That's not to say there wasn't a moment that didn't draw any kind of emotion.  There is a moment in the film where Bumblebee and Sam actually bring their established connection to light.  I won't spoil it, but it was one of the only moments... pretty much in the entire franchise that managed to illicit some emotion.

But the biggest of all follies is the same thing that Michael Bay always manages to do.  The film is just too damn long.  The first half is a lot of exposition and stacking things into the plot that don't add coherence, but only confusion.  Beyond that, the last hour or so (probably more than that) is a huge action sequence that takes place in Chicago in which pretty much the whole city is destroyed.  Some of the action is rather intense, but it just goes on and on and on without much of a break whatsoever.  Some of the moments aren't quite so bad.  There's a scene where a building falls on its side and the characters go sliding down as it does that is kind of cool (it won't be as exciting if you played a particular moment in Uncharted 2) but like so much action, Michael Bay draws it out for far too long.  The excitement soon vanishes and is replaced with impatience.  There are also far too many characters thrown in there.  Hell, for a big chunk of the action at the end the movie even manages to (somehow) totally forget about Optimus Prime.  But even worse is what they've done with Megatron who spends a great deal of the final fight just sitting out and doing nothing.  So the movie... at one point... forgets about the main Autobot AND the main Decepticon.  It focuses on Sam for most of this time... and during this time he's mostly just screaming his head off.  And as for Carly?  She's mostly meandering while stuff blows up around her and she just stares at the camera looking hot... not I'm not kidding that's ALL SHE EVER FREAKIN' DOES DURING THIS OVERLY LONG ACTION SEQUENCE!

That's not to say none of it is exciting.  It's only to say that the excitement runs thin.  There is no doubt that Michael Bay is a master of utilizing visual effects, but to suffer through over an hour of nothing but action without a break for the characters to even slow down (not to mention how it forgets about some of them) is a little unnerving.  It's not that it's an action movie... it's that it's an action movie so filled with action it can't all be contained the way it should.  It forgets about characters, even ignores the main situation at hand for the longest time because it's much more concerned with whether or not blowing up the next thing will be cool or not.  And so many shots are done with the ridiculous camera angles and way too much slow down.  Michael Bay uses the slowdown for dramatic effect.  I've gotten on Zach Snyder's case for doing the slow down and then speeding everything up... but at least Snyder isn't always doing it needlessly.  And at times Snyder even does it stylistically.  But Michael Bay tends to do it for dramatic effect... because he was too lazy to stick in any sort of drama before hand.  So a scene that should only be two minutes ends up being ten.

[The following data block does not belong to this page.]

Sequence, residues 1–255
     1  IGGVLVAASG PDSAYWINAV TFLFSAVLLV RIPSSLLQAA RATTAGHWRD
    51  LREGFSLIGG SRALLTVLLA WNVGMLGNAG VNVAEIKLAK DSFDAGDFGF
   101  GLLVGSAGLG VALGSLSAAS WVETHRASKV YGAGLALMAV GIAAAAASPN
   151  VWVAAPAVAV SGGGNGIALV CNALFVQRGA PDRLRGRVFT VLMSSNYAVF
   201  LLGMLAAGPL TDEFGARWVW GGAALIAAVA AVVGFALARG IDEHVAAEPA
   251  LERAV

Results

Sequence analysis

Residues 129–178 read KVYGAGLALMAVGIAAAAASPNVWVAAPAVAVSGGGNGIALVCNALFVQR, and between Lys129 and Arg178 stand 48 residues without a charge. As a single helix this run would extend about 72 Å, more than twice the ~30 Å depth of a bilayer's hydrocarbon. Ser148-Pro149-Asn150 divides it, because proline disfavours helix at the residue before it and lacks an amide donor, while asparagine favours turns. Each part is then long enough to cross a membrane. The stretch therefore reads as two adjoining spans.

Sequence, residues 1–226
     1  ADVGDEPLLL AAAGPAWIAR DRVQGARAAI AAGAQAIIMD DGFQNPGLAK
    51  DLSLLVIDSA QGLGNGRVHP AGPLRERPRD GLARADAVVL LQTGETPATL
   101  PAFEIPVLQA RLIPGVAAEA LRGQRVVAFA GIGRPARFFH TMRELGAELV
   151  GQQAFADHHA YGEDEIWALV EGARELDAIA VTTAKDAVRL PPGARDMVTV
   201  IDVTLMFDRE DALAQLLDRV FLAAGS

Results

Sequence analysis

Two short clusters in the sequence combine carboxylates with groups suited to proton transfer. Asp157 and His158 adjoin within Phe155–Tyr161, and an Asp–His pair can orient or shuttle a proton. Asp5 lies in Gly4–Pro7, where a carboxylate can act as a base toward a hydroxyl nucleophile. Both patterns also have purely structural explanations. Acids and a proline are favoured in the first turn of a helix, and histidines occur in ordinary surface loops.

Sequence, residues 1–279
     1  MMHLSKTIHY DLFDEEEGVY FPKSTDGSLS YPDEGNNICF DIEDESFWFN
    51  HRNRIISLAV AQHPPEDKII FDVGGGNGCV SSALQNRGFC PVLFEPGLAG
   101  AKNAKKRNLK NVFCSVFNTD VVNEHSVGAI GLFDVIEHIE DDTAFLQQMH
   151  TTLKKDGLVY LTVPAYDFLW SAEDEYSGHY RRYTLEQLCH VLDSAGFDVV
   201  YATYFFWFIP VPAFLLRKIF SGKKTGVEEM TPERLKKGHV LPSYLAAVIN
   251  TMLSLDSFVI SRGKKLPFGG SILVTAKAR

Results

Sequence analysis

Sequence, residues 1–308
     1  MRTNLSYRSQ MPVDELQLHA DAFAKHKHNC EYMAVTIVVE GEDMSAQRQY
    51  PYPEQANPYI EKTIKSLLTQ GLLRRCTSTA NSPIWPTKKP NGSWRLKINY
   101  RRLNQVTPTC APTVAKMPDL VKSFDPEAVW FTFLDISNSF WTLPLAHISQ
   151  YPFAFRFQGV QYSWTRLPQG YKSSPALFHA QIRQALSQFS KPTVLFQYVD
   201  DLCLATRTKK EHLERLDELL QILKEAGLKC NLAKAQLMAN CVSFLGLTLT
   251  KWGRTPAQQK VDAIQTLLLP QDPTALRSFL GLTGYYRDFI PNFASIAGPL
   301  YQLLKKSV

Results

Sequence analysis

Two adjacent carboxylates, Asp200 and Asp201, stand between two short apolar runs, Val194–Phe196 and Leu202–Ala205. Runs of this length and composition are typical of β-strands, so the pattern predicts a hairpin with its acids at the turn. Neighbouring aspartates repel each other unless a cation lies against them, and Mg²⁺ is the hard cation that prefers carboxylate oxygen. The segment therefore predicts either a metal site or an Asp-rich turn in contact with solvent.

Transformers; Dark of the Moon is a VERY long movie.  It clocks in at 157 minutes.  And you're going to feel it when you're watching the big climactic battle that seems to never end.  And when it's all over?  It just sort of ends.  Like a, "Well, that's it!"  Even Revenge of the Fallen gave a much more conclusive resolution.  Let me be frank... it's not an "open-ended" film by any means it is just a movie that ends abruptly... probably because someone in the editing room felt it was long enough as it was. 

It is better than Revenge of the Fallen by far.  But you might as well walk up to someone and say "Beer taste better than acid mixed with urine."  You can't exactly get worse than Revenge of the Fallen.  Dark of the Moon is actually kind of fun to pick at.  I can even see a lot of movie goers having fun with it.  But the action will also be draining to quite a few as well.  Even the most die-hard action film is apt to look at their watch and wonder, "Just how long IS this movie?"